Posted Dec. 12, 2007 - Whites and Blacks may use illegal drugs at virtually the same rate, but African Americans are 10 times more likely to go to prison for drug-related crimes, according to a new study that shows just how stark the racial divide is when it comes to locking up offenders.
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In fact, says the study by the Justice Policy Institute, 97 percent of the nation’s largest counties – 193 of 198 jurisdictions – imprisoned Blacks at a higher rate that Whites.
And the poorer, Blacker and bluer (meaning those with larger police forces and judicial budgets) the county, the more likely they are to lock up drug offenders, says “The Vortex: The Concentrated Racial Impact of Drug Imprisonment and the Characteristics of Punitive Counties.”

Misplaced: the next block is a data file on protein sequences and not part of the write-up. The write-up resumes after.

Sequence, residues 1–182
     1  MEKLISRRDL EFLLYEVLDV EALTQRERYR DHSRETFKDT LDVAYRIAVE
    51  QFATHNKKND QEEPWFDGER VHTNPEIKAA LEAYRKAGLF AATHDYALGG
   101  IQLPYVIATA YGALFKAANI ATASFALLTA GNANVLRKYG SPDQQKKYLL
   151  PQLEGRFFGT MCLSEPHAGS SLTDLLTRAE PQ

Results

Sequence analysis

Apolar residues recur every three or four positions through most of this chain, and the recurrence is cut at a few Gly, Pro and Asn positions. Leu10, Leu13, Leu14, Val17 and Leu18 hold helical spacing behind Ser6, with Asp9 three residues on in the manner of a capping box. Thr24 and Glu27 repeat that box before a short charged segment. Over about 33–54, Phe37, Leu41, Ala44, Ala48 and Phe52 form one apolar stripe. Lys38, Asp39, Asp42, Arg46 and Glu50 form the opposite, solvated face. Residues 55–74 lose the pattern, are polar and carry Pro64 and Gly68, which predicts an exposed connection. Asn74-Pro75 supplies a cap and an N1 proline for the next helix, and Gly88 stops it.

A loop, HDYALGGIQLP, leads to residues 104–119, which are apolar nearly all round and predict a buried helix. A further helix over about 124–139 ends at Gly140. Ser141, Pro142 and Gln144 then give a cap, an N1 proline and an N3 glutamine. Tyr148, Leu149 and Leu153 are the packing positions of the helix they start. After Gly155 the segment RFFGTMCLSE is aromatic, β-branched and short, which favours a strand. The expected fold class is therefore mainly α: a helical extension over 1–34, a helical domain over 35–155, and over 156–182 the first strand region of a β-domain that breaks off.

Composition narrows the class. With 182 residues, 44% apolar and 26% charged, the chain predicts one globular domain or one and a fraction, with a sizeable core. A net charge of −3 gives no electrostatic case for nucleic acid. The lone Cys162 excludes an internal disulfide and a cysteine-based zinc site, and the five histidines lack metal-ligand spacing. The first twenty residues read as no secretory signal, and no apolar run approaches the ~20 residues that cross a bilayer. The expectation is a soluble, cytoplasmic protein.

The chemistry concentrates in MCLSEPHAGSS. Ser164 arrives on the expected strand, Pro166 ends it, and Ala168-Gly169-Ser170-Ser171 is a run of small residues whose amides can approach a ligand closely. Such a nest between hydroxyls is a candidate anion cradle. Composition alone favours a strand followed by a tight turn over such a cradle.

The researchers say that the study is the first to examine the relationships between race, poverty and judicial structures and the specific annual rate at which people are admitted to prison for drug offenses; it is purportedly also the first to localize the racially disparate impact of drug imprisonment at the county level.
“The exponential removal of people of color who have substance abuse problems from their communities and into prisons undermines and destabilizes neighborhoods – it does not make them safer,” says Ethan Nadelmann, executive director of the Drug Policy Alliance.
“Drug addiction doesn’t discriminate but our drug policies do.” Among the major findings: Of the 175,000 people admitted to prison nationwide in 2002, more than half were African American, even though Blacks comprise fewer than 13 percent of the U.S. population; there is no relationship between the rates at which people are sent to prison for drug offenses and the rates at which people use drugs in counties.
For example, although Rockingham County, N.H., has a larger percent of its population reporting illicit drug use, Jefferson Parish, La., sent more people to prison for a drug offense at a rate 36 times that of Rockingham.
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